nellie/letthemhowl, or call 204-942-5483. Te curtain rises on a key event in our na- tion’s history that set the stage for political victory and ultimately gained voting rights for Manitoban women. Invite your friends for some laughs, refreshments and great company. Nellie McClung is an important exam-

ple of the incredible work both rural and urban Manitoba women have done to enhance our quality of life, strengthen the democratic process and improve society as a whole. Myrna Driedger is MLA for Charleswood

and critic for health and for the status of women.

Nellie McClung and friends (“The Famous Five”) have been immortalized on the Legislature grounds. Photo by Garry Stewart.

Soup for a winter’s day. Go for it! The canned stuff, with its overload of sodium, will ravage your internal body parts and leave a legacy of trouble. Stick with the wholesome fare you cook yourself.

Tenille Sonnichsen A

nice hot bowl of soup seems like the perfect meal for a cold winter day. But we must not forget to check the sodium content if we are buying canned

or pre-prepared soups. If we look at the label for a can of Campbell’s

Classic Chicken with Rice, we see a sodium content of 650 milligrams. And that’s only for one half-cup (125 milliliter) serving. So if we eat one cup of soup, our sodium intake goes up to 1,300 mg. Tat’s almost an entire day’s worth of sodium for someone who is trying to limit their salt intake! Campbell’s Classic Chicken Noodle has a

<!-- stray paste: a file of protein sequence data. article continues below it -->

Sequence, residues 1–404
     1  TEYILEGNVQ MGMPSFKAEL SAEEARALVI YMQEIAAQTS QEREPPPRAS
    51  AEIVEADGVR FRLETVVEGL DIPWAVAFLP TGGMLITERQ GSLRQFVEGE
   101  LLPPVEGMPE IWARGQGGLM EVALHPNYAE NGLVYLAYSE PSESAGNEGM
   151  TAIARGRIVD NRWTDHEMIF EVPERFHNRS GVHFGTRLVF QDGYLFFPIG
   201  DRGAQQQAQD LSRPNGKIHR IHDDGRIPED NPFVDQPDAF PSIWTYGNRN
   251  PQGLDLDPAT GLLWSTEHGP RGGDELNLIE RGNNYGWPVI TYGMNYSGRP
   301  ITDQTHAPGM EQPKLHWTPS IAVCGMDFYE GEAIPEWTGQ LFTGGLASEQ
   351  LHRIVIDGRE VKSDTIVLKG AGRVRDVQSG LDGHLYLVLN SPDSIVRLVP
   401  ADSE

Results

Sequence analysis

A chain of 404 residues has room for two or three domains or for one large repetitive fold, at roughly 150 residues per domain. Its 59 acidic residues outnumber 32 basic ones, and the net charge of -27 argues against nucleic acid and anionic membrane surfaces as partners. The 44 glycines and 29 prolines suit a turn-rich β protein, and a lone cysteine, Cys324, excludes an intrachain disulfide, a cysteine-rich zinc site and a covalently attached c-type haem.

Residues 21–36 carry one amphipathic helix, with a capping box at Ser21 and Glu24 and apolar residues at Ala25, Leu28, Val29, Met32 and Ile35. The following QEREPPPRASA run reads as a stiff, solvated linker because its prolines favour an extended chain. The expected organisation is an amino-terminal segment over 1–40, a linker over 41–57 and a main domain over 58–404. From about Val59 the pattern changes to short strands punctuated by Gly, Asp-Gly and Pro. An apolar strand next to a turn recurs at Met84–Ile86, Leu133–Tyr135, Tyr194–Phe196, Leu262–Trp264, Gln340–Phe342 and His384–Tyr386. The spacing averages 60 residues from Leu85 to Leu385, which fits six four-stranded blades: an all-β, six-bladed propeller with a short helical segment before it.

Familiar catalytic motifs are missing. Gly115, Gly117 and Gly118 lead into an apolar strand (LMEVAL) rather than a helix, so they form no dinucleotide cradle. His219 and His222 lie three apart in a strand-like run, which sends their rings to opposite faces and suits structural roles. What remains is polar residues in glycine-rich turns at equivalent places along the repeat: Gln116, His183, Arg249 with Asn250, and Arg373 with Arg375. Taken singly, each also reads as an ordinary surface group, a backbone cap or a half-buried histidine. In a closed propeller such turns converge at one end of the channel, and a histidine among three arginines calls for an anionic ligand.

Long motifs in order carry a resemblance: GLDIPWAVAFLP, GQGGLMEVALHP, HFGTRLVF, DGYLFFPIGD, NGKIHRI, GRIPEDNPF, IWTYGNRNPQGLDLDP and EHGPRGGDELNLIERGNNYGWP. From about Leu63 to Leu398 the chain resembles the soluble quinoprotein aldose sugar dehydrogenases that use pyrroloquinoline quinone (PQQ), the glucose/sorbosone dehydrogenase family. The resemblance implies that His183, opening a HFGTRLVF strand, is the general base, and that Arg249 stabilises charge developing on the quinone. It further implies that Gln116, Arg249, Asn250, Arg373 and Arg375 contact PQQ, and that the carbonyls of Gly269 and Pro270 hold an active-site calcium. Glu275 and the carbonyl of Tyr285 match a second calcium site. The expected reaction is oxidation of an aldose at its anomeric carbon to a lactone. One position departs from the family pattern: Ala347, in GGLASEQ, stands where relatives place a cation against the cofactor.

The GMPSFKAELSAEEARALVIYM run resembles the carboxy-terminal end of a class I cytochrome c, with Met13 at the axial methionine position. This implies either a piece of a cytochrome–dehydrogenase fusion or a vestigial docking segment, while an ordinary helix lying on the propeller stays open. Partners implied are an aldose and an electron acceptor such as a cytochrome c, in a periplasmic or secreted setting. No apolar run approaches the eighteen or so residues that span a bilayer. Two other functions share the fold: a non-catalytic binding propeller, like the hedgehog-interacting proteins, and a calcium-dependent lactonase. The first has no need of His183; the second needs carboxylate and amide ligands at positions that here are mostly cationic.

sodium content of 940 mg for one-half cup, or 1,880 mg for one cup! Campbell’s Classic Tomato Reduced Sodium brings the sodium down to 480 mg per half-cup serving, 960 mg for one cup, which is still a very high dose of sodium if you are aiming for only 1,500mg per day. Why do we need to be so careful about our

intake of sodium? Te first thing most people think of is hypertension, or high blood pressure. Sodium can cause fluids to be retained in the body, which increases the pressure on the blood

December 2015

Homemade soup is good food, and good for you.

vessels in the body, and also causes the heart to work harder to pump the extra fluid volume. Hypertension increases the risk of stroke, and of dam-

age to the heart and coronary arteries, including heart attack, congestive heart failure, aortic dissection (tearing

of the large blood vessel of the heart), and atherosclerosis (buildup of plaque in the arteries). Even if you don’t have high blood pressure, excessive so-

dium can increase calcium excretion from the body (bad for our bones), can be hard on the kidneys, can stiffen the blood vessels (increasing the likelihood of plaque buildup), and can also cause the heart to enlarge (a larger heart has to work harder and is more prone to fatigue). Keeping our intake of sodium to a target of

1,500-2,300mg of sodium per day is beneficial for our health, whether or not we have hypertension or heart disease. Soups can be a very healthy winter meal- when

they are made at home. Use a chicken carcass or beef bones to make a broth, and add plenty of veg- etables, herbs, spices and legumes (dried beans, peas, lentils), to get a good mixture of vitamins, minerals and antioxidants without all the extra sodium added to canned soups as a preservative. For recipe ideas for homemade lower sodium

soups, check out these websites: • Heart and Stroke Foundation of Canada, • Mayo Clinic, • SOS Cuisine, • Tenille Sonnichsen is registered dietician at the

Reh-Fit Centre. Smart Biz 5